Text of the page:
A New Kind of Adultery

Yeshua's ruling on divorce and remarriage contains a twist that would have been quite unexpected to His listeners.

Artwork from the Torah Club Jesus, My Rabbi study, lesson "One Flesh". (Image and art © First Fruits of Zion)

Yeshua taught that a man who divorces his wife (without a legitimate reason) and marries another woman commits adultery against his first wife: “Whoever divorces his wife and marries another woman commits adultery against her.” (Mark 10:11).

In what sense can a man be said to have committed adultery against his wife? The Torah allows for a man to have more than one wife. Men in the Bible who took concubines or multiple wives were not guilty of “committing adultery.” The Torah narrowly defines adultery as sexual relations with another man’s wife.

Men who strayed outside of wedlock were considered guilty of sexual immorality, but not adultery. A man who had relations with a married woman incurred the death penalty, but no death penalty was associated with a married man who broke faith with his wife to engage in a relationship with a single woman. The husband was free to marry his paramour as well, if he pleased, so long as he could provide for both wives.

Yeshua’s teaching on divorce and remarriage in Matthew 5:32 preserves this stricter Torah definition of adultery. The man who gives his wife an illegitimate divorce “makes her commit adultery” because her divorce is not legal, and if he marries an illegitimately divorced woman, he “commits adultery” with her. In that passage, the man is not said to commit adultery if he remarries a single woman.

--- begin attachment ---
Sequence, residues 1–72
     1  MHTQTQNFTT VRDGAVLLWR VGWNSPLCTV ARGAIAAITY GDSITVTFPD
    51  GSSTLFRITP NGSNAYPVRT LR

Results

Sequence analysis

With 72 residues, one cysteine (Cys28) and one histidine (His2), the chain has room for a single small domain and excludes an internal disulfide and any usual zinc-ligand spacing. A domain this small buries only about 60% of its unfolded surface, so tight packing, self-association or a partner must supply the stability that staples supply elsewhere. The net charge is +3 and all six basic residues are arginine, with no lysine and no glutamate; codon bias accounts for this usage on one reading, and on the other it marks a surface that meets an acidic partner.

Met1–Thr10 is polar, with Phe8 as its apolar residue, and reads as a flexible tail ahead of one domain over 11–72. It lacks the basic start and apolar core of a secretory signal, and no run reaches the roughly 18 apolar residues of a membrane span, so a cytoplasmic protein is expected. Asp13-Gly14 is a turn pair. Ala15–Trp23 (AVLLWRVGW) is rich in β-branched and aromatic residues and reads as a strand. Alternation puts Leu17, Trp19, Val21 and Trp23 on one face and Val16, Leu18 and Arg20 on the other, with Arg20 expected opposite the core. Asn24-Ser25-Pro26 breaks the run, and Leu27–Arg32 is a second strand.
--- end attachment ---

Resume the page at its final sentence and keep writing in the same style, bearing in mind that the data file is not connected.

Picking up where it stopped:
In Mark 10:11 and Matthew 19:9, however, the man who gives his wife an illegitimate divorce and then “marries another woman commits adultery”; he “commits adultery against” his first wife. This implies that Rabbi Yeshua broadened the definition of adultery, making it equally applicable to men and women! In this radical and unparalleled innovation, Yeshua holds husbands up to the same standard of marital fidelity to which the Torah holds women. His ruling does not contradict the Torah’s definition of adultery; instead, it augments it based upon the monogamy/fidelity ruling He derived from Genesis:

“God made them male and female.” “For this reason a man shall leave his father and mother, and the two shall become one flesh”; so they are no longer two, but one flesh. What therefore God has joined together, let no man separate. (Mark 10:6-9)

Based upon the Master’s redefinition of adultery, people today naturally consider a husband who commits an infidelity as an adulterer. In our Master’s day, however, this broader definition of adultery—a stunning legal twist—required a paradigm shift. In essence, Rabbi Yeshua redefined the rules of marriage. The same interpretation precludes bigamy. This ruling may be Yeshua’s most radical innovation in Jewish law. He leveled the marital playing field, placing husbands and wives on equal footing with mutual responsibility to one another.

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This year Torah Clubs are studying the Gospels from a Messianic Jewish perspective. Every week Club members encounter Yeshua of Nazareth in his Jewish context. Discover the historical and cultural backdrops of the gospels and be amazed as the teachings of Yeshua snap into focus and clarity. Unravel his difficult words and parables; study Jewish parallels to his teachings; and ultimately know Jesus better.



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